WeWork to open large coworking space near TechTown

Coworking giant WeWork, which already operates two spaces in downtown Detroit, will open up a third on Cass Avenue in TechTown. The new location will more than double its footprint in the city.

Crain’s Detroit Business reports that WeWork will lease 91,000 square feet of space in the building at 6001 Cass Avenue at York Street, which is owned by developer The Platform. It will occupy part of the first floor, and all of floors two through five.

WeWork also leases four floors at 1001 Woodward Avenue and seven floors at 1449 Woodward Avenue totaling 85,000 square feet. Both downtown buildings are owned by Dan Gilbert.

WeWork declined to comment to Crain’s about the news, and it’s uncertain when the office will open. At its other Detroit locations, a basic floating desk membership plan starts at $300.

The Albert Kahn–designed building at Cass Avenue opened in 1927 as the Cadillac Sales and Service Building. It later housed WSU’s Criminal Justice department, but had been vacant for some years before being purchased by The Platform in 2016 for $2 million.

View from the intersection of the corner of a square, six-story limestone building. Two red “For Lease” signs hang on the side.
6001 Cass Avenue Google Street View
Other tenants in the approximately 130,000-square-foot building include Novi-based Tata Technologies and a Wayne State University art gallery. It’s slated to open this fall.

Before being put on hold earlier this year, The Platform had been working on a nearby, large-scale development plan called Cass & York that called for luxury condos.

WeWork made headlines in August before its initial public offering after releasing its S-1 filing which showed it was losing nearly $2 billion annually. The company operates more than 525 locations in more than 110 cities worldwide.

Co-working spaces spawn growing businesses

January 20, 2019

Crain’s Detroit Business

Marti Banedetti

As Detroit’s office-sharing, co-working businesses such as WeWork grow, so are the businesses occupying their office space.

Take Bloomscape Inc., an online plant company started last March in WeWork’s first downtown Detroit co-working space. Bloomscape CEO Justin Mast founded the company with one employee in a small WeWork office and now has 11 employees in considerably larger quarters.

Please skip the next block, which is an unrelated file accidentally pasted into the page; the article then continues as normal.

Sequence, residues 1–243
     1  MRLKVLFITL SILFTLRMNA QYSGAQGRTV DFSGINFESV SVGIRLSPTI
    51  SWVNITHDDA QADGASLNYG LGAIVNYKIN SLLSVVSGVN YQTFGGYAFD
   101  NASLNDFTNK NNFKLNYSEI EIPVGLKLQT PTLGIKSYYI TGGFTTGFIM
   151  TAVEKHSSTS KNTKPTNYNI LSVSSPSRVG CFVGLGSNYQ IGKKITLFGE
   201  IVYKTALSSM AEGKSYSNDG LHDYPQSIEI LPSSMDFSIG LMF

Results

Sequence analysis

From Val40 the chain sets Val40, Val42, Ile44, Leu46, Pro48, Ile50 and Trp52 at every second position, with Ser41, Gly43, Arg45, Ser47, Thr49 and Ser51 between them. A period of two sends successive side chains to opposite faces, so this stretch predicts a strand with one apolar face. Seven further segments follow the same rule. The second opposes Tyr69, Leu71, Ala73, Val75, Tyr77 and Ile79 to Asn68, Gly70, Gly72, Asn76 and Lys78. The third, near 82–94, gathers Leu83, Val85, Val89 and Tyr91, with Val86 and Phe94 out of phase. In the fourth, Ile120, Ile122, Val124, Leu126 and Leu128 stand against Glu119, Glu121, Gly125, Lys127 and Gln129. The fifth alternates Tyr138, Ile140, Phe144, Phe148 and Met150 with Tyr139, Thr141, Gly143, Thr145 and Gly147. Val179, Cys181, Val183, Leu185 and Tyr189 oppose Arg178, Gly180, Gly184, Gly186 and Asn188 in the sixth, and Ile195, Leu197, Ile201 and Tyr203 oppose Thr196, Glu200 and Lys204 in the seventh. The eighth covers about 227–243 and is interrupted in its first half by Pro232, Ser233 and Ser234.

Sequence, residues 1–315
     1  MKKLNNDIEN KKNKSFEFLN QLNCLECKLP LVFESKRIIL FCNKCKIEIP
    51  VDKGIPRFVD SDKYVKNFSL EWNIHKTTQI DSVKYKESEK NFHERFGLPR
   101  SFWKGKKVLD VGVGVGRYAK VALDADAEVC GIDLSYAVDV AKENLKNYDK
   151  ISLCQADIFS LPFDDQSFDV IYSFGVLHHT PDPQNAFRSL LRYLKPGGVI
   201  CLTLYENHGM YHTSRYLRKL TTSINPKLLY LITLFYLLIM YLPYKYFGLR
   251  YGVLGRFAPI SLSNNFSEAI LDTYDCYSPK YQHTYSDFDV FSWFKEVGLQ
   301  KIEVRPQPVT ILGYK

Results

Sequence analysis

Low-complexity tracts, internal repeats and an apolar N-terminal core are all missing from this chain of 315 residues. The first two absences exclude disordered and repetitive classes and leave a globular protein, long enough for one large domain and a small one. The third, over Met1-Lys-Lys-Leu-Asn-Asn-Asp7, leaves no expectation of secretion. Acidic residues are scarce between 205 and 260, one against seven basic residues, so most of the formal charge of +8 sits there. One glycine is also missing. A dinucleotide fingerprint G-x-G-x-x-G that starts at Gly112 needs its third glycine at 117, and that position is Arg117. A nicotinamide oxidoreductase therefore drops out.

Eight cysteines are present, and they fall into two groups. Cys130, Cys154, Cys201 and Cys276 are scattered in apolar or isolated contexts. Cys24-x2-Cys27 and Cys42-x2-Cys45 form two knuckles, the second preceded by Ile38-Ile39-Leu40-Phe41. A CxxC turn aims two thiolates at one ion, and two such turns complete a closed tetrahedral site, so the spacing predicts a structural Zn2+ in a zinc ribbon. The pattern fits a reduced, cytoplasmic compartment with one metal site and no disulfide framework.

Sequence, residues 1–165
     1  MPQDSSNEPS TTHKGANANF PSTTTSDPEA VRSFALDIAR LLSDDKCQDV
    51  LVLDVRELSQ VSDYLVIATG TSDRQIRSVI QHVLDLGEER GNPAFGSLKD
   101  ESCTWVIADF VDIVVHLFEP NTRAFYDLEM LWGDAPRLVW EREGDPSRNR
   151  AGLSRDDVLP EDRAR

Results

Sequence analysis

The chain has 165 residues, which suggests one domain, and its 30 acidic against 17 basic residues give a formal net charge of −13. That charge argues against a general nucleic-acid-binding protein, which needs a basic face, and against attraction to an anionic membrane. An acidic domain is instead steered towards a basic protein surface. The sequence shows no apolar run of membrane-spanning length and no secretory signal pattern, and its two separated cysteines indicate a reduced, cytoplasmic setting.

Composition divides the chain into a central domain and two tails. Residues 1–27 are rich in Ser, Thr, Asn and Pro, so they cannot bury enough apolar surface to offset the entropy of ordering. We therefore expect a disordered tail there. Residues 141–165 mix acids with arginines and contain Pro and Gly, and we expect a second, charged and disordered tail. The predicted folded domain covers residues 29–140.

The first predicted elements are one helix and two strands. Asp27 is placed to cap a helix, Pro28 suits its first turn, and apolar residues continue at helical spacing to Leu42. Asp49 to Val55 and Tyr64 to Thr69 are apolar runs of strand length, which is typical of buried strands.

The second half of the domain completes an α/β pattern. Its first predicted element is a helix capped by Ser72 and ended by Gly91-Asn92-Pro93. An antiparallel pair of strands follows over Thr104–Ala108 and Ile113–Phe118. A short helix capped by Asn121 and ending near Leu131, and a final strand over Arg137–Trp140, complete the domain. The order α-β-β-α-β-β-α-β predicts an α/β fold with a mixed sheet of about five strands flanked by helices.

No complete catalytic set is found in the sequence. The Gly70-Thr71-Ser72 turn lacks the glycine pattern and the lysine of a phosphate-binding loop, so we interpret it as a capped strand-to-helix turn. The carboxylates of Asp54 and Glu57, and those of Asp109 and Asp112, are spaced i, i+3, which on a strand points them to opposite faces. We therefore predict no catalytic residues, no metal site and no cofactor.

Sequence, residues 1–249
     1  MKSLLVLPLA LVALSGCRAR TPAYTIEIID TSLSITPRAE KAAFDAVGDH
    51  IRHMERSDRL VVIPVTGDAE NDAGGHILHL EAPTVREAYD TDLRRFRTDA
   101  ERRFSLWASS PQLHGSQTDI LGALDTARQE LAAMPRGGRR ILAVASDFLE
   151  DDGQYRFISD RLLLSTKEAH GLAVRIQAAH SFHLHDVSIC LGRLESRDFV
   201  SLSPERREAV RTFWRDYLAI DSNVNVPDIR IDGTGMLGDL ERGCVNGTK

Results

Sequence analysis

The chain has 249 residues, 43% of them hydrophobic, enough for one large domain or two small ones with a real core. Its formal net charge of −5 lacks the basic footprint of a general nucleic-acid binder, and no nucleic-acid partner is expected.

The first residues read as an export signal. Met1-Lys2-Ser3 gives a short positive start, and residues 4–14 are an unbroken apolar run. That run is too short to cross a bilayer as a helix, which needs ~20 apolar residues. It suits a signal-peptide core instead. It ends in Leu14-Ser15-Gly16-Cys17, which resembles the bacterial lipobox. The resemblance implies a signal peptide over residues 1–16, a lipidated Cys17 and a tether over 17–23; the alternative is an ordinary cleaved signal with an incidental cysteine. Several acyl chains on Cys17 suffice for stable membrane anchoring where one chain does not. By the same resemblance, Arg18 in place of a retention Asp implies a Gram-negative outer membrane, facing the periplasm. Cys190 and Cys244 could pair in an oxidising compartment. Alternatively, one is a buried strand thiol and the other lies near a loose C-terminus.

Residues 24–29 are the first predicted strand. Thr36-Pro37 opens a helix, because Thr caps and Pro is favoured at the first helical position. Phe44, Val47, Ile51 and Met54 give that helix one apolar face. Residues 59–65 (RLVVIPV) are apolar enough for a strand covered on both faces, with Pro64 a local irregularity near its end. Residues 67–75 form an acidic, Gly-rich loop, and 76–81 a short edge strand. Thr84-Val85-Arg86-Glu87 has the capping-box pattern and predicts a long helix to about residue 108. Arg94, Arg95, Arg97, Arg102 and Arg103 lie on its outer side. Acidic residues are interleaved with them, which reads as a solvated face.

WeWork measures its success by how full its office space is but does not disclose the occupancy rates of its properties, said a WeWork spokesperson who asked not to be named. Bloomscape is in WeWork’s first downtown Detroit location in the Merchants Row building on Woodward Avenue and Clifford Street.

WeWork opened that office in 2017, and it includes seven floors. The second location, which opened later in 2017, consists of four floors in the 1001 Woodward office tower overlooking Campus Martius. The entire fourth floor is occupied by Accenture.

A handful of WeWork’s Detroit tenants agreed that they and their fellow businesses appreciate the ability to work separately together and to expand office space as needed.

Today’s co-working spaces such as WeWork are brimming with millennials who want and expect plenty of creature comforts with their workday. Per WeWork’s 2018 Economic Impact report, nearly half of its U.S. members are between the ages of 25 and 34.

The company’s two Detroit locations offer “members” comfy phone booths for private conversations — or a nap; Fruit Water on each of the floors (think pineapple and lemon); couches with pillows and blankets; and nooks for relaxing chats.

What looks like a mini-convenience store along one wall is called the Honesty Market.

Here members can choose from a variety of healthy chips and Kind bars or less healthy Starbursts or Snickers. Members have their form of payment connected to their WeWork mobile app.

Displayed in the company’s elevators are the week’s daily beer offerings (local craft, of course) and activities, such as decorating a pumpkin while enjoying cider and doughnuts (during the Halloween season).

Tenants have their choice of posh-looking glass offices in every configuration to accommodate one person or more than a dozen. If they only need a short stint at the Detroit office or any of WeWork’s offices across the globe, they can rent a “hot desk” — basically a chair at a table — for $280 a month.

Other rates start at $380 a month for a dedicated desk that no one else uses, $560 a month for a one-seat private office, $4,690 a month for a 10-seat office, and rising from there.